History would indicate Cartersville is the underdog in Friday night's Class 4A state playoff opener against Stephens County. Everything else would indicate that's laughable.
The Canes have little history with Friday night's visitors. However, of the four previous meetings, only once has Cartersville defeated Stephens.
All four matchups came in the early 2000s during the Frank Barden era. The two most recent also came in the playoffs, as the Canes were eliminated each time — a 21-15 loss in 2005 and 15-6 loss in 2003. The latter defeat came after Cartersville had won a regular-season contest that year by a 16-3 margin.
Needless to say, times have changed.
This time around, Cartersville is unbeaten and the No. 2 team in Class 4A based on composite rankings. Stephens finished off a 5-5 regular season and 1-3 Region 8-AAAA campaign with a 56-10 drumming at the hands of St. Pius X.
Computer projections have the Canes as five-touchdown favorites in the first round. Any way you slice it, a Stephens win Friday night at Weinman Stadium would be a massive upset.
Even still, Cartersville Joey King was laser focused on his upcoming opponent when discussing the team's playoff approach this week. He isn't looking past Stephens County, and he hopes his players follow suit.
"It's all about survive and advance, now," he said Monday. "That's our mentality, and that's what I've talked to the guys about. I said, 'You can't pay a lot of attention to that one versus four stuff.' I mean, the four seed from our region [Cedartown], we beat them by one point. All that stuff is irrelevant now. It's survive and advance. ... We want to move on to the next round."
In order to do that, Cartersville will be tasked with slowing down Stephens' Wing-T offensive attack. Bartow County football fans are plenty familiar with the offense, as Woodland has effectively run it the past few years.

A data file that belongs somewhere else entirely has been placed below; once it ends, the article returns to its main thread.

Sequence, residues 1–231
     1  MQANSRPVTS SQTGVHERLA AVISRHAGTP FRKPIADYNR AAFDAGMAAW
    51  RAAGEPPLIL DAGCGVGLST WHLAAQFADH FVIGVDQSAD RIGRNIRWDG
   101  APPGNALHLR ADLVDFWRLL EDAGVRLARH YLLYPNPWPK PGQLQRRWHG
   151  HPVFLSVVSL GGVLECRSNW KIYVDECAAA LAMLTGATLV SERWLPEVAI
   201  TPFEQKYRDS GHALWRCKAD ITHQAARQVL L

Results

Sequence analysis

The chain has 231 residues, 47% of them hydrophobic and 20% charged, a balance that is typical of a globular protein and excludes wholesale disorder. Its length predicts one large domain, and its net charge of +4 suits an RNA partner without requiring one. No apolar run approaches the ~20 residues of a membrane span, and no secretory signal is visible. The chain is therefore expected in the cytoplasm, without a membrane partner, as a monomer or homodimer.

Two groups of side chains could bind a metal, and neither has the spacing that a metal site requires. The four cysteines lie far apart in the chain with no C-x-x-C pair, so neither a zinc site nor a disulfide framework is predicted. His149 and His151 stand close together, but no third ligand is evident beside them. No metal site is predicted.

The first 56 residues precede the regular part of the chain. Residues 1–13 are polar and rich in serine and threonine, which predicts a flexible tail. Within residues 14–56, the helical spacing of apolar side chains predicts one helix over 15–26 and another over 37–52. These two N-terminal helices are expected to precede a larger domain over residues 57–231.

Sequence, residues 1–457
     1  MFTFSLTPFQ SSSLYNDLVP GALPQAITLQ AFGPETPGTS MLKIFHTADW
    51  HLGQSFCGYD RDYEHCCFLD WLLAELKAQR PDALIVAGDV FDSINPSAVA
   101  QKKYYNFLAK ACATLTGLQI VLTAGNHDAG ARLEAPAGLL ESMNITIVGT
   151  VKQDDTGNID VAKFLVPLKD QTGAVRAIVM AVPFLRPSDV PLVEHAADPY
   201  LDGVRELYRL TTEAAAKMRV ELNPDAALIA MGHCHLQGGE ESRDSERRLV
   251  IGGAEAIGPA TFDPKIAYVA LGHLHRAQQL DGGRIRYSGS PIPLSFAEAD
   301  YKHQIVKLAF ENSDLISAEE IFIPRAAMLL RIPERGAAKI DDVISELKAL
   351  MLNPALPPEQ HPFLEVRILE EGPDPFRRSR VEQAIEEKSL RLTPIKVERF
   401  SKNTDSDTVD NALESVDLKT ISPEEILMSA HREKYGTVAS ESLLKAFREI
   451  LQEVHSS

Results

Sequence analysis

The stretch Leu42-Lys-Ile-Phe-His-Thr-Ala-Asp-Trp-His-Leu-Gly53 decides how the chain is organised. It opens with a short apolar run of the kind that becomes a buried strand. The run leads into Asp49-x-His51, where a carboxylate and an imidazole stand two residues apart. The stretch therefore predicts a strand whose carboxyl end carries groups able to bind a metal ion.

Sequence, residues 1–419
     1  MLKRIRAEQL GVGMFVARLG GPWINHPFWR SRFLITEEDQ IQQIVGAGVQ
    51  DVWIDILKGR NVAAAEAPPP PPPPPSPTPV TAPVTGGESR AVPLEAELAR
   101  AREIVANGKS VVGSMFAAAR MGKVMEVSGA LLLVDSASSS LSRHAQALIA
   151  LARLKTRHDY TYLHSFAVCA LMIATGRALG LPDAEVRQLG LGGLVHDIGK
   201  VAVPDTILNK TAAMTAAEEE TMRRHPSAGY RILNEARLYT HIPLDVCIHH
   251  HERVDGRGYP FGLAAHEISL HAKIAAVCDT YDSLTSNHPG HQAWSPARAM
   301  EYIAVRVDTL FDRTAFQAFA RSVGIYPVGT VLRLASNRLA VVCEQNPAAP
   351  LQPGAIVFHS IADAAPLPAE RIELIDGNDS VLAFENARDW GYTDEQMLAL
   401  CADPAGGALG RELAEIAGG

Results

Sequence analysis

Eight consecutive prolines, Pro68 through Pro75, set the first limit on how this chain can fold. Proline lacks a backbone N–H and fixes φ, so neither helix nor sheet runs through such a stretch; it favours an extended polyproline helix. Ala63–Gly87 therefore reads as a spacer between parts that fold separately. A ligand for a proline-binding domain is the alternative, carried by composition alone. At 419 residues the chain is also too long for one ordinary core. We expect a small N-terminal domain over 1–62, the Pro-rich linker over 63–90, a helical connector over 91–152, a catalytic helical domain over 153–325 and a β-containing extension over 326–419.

As a whole, it's not an extremely common offense. Cartersville, though, does face it once a year against Central-Carroll. King hopes the experience of facing the Lions and getting to face the scout-team offense again will give the Canes an easier time.
"They're Wing-T offensively, and they do a pretty good job with that," King said. "They're physical at the point of attack. They've got a couple of different wrinkles off of it that can kind of give you problems, so you have to do a good job of playing assignment football.
"Defensively, they're an odd-front, but they'll show some even looks. They've got some good players in certain spots. We've got to make sure we're focused on doing our job, playing good assignment football and good fundamental football."
Cartersville enters the playoffs undefeated and convincingly swept aside previously unbeaten Troup County in what amounted to a Region 5-AAAA championship game last week. Given all the success the 2018 Canes have had, it's easy to forget this is an inexperienced group in regards to the postseason.
The team entered the season with plenty of question marks after graduating a vast majority of the starting lineup on both sides of the ball. But Cartersville has sidestepped every obstacle, cleared every hurdle and overcome every ounce of adversity to reach this point.
It has the Canes as confident and tight-knit as possible entering the most important time of the year.
"Our confidence is good and our chemistry is good," King said. "That's what I talked to the guys about out there at the end [of practice Monday]. Any time you play a team sport, there will always be some type of divisiveness that tries to creep in. ... We've got to do a good job of protecting this chemistry and the team that we have. I think the guys have accepted that, and it's been really cool to see the guys grow in that respect as the season has progressed."
While the team has clearly grown and matured throughout the season, the playoffs are an entirely new beast to try to tame. King can only hope his players are ready for the challenge.
"Preaching the same things that we've preached all along," King said of approaching the postseason. "... The things that make teams great from here on out are fundamentals and caring about each other. That's something that goes a long way. If we can continue to protect our chemistry, continue to play fundamental football, we'll make a run at this thing."